Why the second movie is the biggest hurdle to becoming a filmmaker — especially for women and minorities
First films are often made in a democratic fashion — on low-cost cameras, with crowd-funded budgets and crews made up of college friends. But second movies typically rely more on the machinery of Hollywood, a machinery that has often excluded women and minorities. That exclusion has received new attention lately thanks to both the diversity controversy around this year’s Oscars nominees and a government investigation into gender bias in hiring.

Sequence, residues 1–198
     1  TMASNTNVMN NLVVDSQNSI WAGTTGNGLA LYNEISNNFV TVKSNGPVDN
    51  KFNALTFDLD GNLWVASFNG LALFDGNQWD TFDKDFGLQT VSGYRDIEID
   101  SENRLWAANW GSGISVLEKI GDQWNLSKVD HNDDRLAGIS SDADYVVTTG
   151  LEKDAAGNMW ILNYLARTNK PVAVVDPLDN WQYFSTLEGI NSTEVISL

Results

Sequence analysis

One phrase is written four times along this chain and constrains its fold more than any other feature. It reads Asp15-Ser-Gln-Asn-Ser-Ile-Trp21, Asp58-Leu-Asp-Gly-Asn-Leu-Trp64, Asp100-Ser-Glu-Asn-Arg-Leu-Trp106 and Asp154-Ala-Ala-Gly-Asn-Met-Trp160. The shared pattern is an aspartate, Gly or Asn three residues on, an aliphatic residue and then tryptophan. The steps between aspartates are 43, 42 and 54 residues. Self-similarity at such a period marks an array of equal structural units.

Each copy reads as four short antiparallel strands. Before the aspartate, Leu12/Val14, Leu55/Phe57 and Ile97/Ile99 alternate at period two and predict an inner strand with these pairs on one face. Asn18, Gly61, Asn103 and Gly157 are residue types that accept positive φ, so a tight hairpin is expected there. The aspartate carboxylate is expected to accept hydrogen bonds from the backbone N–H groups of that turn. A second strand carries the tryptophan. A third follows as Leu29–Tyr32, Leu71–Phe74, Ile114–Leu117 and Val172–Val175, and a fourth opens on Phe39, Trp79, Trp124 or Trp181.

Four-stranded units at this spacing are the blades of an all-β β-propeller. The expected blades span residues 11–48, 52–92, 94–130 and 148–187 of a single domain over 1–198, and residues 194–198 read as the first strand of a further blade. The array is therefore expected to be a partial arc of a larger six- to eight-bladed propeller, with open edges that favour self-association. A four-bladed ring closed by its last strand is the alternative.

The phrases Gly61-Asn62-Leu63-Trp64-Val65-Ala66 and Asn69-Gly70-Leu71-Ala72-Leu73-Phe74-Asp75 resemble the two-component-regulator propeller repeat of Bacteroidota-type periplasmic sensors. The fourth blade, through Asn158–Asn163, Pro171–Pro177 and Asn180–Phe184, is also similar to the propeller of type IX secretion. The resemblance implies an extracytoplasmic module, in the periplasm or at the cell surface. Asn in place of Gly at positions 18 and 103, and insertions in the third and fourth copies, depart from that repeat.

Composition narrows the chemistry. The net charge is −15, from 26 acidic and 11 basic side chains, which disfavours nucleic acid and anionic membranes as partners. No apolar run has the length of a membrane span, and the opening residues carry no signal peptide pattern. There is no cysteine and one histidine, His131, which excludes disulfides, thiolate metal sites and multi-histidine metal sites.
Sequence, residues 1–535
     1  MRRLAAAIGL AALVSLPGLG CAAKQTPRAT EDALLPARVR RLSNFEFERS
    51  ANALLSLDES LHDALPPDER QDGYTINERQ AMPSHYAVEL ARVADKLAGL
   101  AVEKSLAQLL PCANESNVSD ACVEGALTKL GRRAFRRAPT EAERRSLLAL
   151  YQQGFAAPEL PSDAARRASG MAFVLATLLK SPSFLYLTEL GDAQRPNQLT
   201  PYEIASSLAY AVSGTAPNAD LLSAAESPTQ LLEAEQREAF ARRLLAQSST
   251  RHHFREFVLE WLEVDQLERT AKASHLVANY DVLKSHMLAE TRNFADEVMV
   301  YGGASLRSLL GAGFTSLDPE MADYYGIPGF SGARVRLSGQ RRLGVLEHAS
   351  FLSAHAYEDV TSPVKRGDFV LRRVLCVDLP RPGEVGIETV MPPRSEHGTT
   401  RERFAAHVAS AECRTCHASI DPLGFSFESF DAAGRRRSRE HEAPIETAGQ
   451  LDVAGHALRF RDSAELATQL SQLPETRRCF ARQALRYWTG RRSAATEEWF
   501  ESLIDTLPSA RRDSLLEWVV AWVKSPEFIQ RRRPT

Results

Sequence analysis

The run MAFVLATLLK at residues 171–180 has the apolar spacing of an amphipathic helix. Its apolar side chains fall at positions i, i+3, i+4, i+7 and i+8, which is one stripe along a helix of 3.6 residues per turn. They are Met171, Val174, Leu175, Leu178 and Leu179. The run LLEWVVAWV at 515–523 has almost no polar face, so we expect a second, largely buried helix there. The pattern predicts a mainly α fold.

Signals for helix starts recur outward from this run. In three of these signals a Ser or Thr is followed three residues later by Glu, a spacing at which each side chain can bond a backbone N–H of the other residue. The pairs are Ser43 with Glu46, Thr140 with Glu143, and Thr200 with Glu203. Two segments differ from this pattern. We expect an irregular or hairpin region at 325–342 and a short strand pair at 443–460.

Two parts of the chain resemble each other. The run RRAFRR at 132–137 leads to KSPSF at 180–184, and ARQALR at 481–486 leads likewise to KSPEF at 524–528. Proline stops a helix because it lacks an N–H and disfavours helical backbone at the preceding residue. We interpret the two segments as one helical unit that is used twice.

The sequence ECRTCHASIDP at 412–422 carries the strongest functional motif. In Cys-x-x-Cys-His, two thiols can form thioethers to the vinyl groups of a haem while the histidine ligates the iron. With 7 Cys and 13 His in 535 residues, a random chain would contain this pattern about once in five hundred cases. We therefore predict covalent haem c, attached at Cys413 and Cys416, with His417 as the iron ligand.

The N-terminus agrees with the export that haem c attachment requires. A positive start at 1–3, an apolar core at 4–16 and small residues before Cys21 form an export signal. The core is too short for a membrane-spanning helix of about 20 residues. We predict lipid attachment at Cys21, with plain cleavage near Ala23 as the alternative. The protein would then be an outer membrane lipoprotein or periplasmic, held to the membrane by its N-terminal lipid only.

“There’s this myth of getting your film into Sundance and being instantly successful,” said Sundance Institute Executive Director Keri Putnam. “It’s worth busting that myth. For first-time filmmakers, getting in is just the beginning.”
Some independent filmmakers end up waiting an awfully long time for their follow-ups, despite auspicious debuts: “Boys Don’t Cry” director Kimberly Peirce took nine years to make her second feature, “Stop-Loss”; black British director Amma Asante took nine years to follow up her first film, “A Way of Life,” with “Belle”; and African American director Gina Prince-Bythewood had eight years between “Love & Basketball” and her second film, “The Secret Life of Bees.”